A "literary"novel in every sense of that word. Well-plotted, clearly written mystery novels are always welcome. A novel that simultaneously qualifies as a gripping read, a master character study and as literary is more than welcome — it is exceedingly rare. Although anxious to read the final chapter to learn the identity of the murderer, I put the novel aside for three days because I did not want it to end. Now that it has ended, Jody and the other well-crafted characters continue to live in my mind.
Steve Weinberg - Kansas City Star
This stand-alone story—set in rural Kansas--is a dramatic view into the lives of the Linder family.... Highlighting the ripple effect of people's actions, The Scent of Rain and Lightning is an in-depth tale of unraveling lies and deceit in perfect Pickard fashion.
Shannon Raab - Suspense Magazine
(Starred review.) With exquisite sensitivity, Edgar-finalist Pickard (The Virgin of Small Plains) probes a smoldering cold case involving the Linders, a cattle ranching family that's ruled the small, tight-knit community of Rose, Kans., for generations. One stormy night in 1986, someone shoots Hugh-Jay Linder dead, and Laurie, his discontented young wife, disappears. The authorities arrest Billy Crosby, a disgruntled ex-employee of High Rock Ranch with a drunk-driving record, in whose abandoned truck Laurie's bloodied sundress is found. In 2009, Billy's lawyer son, Collin, who's certain of his dad's innocence, secures Billy's release from prison and a new trial. Father and son return to Rose, where 25-year-old Jody Linder, the victims' daughter, works as a teacher. Collin's pursuit of justice will force Jody and other members of her family, including her three uncles and her grandparents, to finally confront what really happened on that long ago fatal night and deal with the consequences.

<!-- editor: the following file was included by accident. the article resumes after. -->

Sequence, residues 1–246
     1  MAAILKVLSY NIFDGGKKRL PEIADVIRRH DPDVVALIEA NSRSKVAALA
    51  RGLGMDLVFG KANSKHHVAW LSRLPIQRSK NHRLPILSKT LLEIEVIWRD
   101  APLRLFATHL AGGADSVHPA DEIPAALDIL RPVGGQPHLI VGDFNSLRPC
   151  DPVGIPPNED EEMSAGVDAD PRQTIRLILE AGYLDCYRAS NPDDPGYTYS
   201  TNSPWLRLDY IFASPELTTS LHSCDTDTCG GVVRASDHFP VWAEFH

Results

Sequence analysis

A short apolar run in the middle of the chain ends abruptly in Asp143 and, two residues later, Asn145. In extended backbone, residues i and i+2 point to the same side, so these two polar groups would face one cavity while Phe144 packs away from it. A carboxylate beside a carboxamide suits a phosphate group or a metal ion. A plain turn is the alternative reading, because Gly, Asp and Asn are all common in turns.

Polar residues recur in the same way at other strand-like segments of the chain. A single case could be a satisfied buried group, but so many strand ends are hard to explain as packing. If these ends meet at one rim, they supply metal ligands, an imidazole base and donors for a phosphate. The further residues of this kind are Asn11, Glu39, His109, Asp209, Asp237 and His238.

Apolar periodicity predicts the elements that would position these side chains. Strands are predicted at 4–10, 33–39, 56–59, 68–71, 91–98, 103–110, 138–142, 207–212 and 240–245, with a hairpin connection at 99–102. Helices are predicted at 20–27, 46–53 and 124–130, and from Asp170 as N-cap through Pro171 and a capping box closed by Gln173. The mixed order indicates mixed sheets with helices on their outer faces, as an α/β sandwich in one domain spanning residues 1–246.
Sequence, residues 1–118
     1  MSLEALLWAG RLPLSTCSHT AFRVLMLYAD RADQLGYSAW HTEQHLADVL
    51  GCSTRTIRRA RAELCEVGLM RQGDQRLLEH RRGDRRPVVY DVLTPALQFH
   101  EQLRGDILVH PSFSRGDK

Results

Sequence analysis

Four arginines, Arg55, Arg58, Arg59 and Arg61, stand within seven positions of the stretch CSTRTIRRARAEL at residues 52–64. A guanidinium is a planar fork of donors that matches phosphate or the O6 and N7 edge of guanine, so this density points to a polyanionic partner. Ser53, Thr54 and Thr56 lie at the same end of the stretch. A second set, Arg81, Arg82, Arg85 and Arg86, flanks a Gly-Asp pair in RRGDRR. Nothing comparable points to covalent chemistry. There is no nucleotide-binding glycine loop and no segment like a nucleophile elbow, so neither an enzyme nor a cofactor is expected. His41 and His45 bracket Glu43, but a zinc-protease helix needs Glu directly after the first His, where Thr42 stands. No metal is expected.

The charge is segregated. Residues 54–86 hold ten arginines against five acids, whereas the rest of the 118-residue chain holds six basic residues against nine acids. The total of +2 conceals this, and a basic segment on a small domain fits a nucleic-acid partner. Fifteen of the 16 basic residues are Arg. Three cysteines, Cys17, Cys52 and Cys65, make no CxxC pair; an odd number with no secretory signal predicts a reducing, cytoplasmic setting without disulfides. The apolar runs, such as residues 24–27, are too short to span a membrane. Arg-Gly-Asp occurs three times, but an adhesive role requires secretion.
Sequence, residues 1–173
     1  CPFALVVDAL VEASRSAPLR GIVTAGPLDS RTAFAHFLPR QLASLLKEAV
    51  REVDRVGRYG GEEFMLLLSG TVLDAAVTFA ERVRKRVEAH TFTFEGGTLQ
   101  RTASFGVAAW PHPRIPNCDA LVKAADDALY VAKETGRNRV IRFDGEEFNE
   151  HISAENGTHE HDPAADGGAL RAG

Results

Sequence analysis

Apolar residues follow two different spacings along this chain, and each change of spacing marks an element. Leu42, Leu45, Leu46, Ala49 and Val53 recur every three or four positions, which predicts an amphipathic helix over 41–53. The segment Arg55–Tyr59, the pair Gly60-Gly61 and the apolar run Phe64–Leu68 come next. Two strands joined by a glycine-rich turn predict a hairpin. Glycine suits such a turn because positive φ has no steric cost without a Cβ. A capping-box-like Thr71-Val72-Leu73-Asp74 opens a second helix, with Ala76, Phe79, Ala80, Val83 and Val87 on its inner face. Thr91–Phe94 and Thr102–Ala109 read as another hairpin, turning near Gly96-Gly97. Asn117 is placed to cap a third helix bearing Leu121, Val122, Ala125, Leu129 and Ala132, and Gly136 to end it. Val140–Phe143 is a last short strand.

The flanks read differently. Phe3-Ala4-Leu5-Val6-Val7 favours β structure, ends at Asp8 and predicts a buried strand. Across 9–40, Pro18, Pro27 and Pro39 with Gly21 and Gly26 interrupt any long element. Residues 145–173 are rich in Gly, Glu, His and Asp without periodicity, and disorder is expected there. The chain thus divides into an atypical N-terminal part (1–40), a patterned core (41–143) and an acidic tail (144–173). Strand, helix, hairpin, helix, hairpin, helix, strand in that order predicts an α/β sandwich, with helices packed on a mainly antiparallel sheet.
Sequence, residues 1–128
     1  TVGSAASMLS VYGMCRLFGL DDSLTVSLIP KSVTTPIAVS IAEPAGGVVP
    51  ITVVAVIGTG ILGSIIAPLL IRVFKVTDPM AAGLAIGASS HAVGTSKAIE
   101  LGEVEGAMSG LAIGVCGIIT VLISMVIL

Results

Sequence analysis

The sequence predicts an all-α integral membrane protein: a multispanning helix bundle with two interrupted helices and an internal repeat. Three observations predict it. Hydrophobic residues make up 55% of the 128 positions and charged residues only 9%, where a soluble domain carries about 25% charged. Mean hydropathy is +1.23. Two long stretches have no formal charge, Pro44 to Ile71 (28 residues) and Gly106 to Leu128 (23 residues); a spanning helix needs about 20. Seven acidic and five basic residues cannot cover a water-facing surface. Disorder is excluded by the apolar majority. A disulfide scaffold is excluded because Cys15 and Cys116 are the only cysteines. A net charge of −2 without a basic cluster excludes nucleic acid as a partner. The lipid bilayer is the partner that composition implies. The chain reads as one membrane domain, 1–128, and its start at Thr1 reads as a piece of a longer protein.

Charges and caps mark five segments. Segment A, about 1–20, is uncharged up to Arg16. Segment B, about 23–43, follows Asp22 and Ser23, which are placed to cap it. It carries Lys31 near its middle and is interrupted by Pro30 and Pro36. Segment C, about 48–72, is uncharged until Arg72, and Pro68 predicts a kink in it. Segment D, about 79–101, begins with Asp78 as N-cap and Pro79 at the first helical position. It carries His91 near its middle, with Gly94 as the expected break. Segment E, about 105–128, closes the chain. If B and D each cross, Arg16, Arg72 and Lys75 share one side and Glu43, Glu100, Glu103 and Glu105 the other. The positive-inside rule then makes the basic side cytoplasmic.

(Starred review.) A worthy successor to the author’s much-acclaimed The Virgin of Small Plains. Pickard’s superb storytelling transports the reader into the characters’ world, making all too real their dilemmas, their choices, and their willingness to believe the unlikely. Highly recommended.
Pickard shows her storytelling skills, weaving elements of deception, revenge, and romance into a novel with full-bodied characters who deal with tragedy as best they can; Annabelle Linder’s encounter with Crosby’s wife is particularly moving. From an award-winning author, this is engrossing fiction with an eminently satisfying denouement. —Michele Leber
1. Why do you think Pickard chose to title her novel The Scent of Rain and Lightning? How does she use weather and landscape as symbols in her writing?
2. How does Jody's place in the community change after her father's murder?
3. How is Collin's life affected?
4. What role do the residents of Rose have in Billy Crosby's conviction?
5. The Linders are portrayed as the most influential family in the county. What responsibility comes with such influence? Do any of the Linders abuse their power, despite their good intentions?
6. Though Hugh Linder Sr. is clearly the patriarch of the family, is he really the most powerful figure in the clan?
7. The Scent of Rain and Lightning revolves around the theme of revenge. What does this novel tell us about the nature of revenge?
8. The theme of forgiveness also plays a large role in the novel. How does the story reveal the challenges of forgiveness? Are the characters clearly in one camp or the other (revenge or forgiveness)? If so, how would you divide them? And which characters, if any, bridge these emotions?
(Questions issued by publisher.)